So, I took on the challenge of preaching through Isaiah as the result of a conversation with a small study group we have at church. It's a big book, but that doesn't mean we should shy away from it just because of its length. Neither should the complexity and span of history put us off either.
I decided to try to take a fairly broad approach and pick up about a dozen themes and ideas from across the whole book. One of the things I keep saying to both the study group and the church congregation is to look for echoes. Echoes of both the New Testament in the Old and of the Old in the New. For example, when Isaiah speaks prophetically about the gathering of the nations in worship and discipleship in chapter 2, where does that echo in the New? Possibly Paul's declaration that every knee shall bow and every tongue confess or when Jesus speak of making disciples of all nations.
As I work through I'm also reading an interesting book about Preaching Christ from the Old Testament by Sidney Greidanus. It has quite an interesting survey about how the early church did it, and it lays out a method with examples of a Christocentric model. I'm also using Motyer, Goldingay, Webb and Oswalt's commentaries and a very useful book by David Jackman called Teaching Isaiah. It's a guide to developing sermons and series.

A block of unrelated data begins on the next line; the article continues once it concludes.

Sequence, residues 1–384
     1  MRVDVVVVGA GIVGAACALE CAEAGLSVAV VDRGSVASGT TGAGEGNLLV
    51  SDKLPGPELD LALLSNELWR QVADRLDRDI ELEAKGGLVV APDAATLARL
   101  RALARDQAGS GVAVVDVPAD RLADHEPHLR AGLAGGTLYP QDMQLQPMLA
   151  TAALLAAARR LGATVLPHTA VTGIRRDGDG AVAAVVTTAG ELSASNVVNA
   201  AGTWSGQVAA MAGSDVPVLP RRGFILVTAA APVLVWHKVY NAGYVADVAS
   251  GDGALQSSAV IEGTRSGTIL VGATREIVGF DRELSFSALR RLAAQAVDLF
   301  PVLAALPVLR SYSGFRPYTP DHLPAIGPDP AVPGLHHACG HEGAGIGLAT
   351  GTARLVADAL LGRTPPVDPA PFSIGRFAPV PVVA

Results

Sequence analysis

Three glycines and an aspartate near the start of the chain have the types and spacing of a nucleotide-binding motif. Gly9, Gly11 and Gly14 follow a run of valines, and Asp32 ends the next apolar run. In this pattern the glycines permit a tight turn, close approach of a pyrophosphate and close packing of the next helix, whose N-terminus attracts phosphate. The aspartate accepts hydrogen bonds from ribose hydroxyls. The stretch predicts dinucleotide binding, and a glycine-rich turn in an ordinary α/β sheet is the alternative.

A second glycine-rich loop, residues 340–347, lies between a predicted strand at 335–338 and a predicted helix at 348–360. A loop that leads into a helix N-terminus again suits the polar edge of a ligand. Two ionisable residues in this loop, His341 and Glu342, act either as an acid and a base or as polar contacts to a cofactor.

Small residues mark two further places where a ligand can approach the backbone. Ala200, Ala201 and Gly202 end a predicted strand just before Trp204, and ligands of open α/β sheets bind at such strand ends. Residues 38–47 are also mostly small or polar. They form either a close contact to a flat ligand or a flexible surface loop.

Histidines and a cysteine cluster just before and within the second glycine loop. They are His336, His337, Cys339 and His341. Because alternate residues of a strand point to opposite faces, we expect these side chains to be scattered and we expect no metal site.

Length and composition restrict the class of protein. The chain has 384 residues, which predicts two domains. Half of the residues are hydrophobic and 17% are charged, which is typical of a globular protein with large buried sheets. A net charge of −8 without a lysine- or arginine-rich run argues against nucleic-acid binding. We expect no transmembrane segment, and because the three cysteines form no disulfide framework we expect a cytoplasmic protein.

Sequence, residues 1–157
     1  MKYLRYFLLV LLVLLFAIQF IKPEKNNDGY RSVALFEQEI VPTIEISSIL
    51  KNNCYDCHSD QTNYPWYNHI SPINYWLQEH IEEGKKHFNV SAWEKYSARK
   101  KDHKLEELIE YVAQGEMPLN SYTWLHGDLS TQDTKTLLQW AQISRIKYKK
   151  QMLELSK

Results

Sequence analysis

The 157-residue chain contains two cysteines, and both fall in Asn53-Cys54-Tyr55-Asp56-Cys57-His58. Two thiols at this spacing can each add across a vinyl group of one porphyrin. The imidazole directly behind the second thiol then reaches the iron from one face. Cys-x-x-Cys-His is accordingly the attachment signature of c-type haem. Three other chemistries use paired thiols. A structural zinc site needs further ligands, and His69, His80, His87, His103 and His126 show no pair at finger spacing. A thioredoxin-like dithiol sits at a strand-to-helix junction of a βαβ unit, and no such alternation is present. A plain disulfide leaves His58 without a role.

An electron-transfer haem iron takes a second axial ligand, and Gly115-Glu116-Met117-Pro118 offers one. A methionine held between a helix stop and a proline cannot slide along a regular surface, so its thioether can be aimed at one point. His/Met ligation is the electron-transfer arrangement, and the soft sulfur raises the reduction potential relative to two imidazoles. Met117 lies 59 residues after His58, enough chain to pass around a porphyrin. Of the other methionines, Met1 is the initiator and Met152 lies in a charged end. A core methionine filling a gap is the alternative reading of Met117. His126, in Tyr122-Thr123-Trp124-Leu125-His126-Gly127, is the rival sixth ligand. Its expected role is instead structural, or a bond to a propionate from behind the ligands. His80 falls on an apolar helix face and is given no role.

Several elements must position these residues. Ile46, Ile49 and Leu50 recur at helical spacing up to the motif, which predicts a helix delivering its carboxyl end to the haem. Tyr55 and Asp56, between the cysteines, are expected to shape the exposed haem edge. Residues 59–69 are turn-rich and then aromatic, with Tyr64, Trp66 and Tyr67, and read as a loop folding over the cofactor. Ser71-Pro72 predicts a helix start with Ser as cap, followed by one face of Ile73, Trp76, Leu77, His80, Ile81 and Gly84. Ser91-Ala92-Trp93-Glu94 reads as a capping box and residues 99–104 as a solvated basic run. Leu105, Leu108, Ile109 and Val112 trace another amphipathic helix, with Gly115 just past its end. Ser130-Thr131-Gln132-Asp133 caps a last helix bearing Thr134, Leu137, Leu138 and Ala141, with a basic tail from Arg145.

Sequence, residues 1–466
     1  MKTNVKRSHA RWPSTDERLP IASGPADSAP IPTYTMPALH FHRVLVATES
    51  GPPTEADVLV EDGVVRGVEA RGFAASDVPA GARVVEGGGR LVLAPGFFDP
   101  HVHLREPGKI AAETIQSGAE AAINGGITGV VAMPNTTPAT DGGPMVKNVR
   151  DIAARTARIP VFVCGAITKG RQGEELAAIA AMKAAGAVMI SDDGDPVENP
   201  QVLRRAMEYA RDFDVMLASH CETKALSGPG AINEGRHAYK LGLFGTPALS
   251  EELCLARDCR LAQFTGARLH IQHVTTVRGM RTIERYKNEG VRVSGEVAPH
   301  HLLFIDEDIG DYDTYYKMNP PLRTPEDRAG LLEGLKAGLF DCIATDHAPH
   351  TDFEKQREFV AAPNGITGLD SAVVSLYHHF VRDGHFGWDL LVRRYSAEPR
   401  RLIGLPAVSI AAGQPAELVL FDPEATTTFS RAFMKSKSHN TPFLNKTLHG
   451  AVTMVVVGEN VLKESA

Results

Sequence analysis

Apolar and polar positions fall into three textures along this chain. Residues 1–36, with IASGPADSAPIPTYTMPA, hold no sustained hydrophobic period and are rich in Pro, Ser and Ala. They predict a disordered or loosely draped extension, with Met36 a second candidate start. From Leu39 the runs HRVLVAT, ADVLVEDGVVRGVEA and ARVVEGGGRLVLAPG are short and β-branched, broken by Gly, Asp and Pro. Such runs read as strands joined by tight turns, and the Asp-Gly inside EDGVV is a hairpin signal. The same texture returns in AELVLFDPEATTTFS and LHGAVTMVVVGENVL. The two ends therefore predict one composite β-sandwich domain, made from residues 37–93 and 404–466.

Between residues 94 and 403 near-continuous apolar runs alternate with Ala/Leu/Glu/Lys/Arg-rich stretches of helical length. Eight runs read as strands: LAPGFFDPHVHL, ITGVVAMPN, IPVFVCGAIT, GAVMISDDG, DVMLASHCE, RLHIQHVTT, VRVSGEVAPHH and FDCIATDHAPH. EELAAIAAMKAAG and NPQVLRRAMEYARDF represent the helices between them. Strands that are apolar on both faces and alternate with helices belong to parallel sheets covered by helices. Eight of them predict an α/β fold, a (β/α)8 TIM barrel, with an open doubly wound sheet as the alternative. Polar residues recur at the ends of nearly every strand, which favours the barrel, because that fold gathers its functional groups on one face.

What have I learnt so far? Well a few things come to mind. Firstly I guess it becomes very clear very quickly that the nation, indeed the nations, have a case to answer before God, but while God's judgement is inevitable so too is the hope that comes from God's eternal purpose of redemption. In fact you can quite easily see why some of the church fathers looked to Paul's faith, hope and love triplet as a basic hermeneutical method.
Secondly, there's the challenge to choose your story. Chapter 7-9 express it clearly as Isaiah paints the picture of the present reality, the near future and the distant future to come. You can choose to live by the story of gloom and distress or you can choose to live by the story of hope and redemption.
There is so much more that has direct relevance to our present-day situation that Isaiah cries out to be preached. I just hope we do him justice!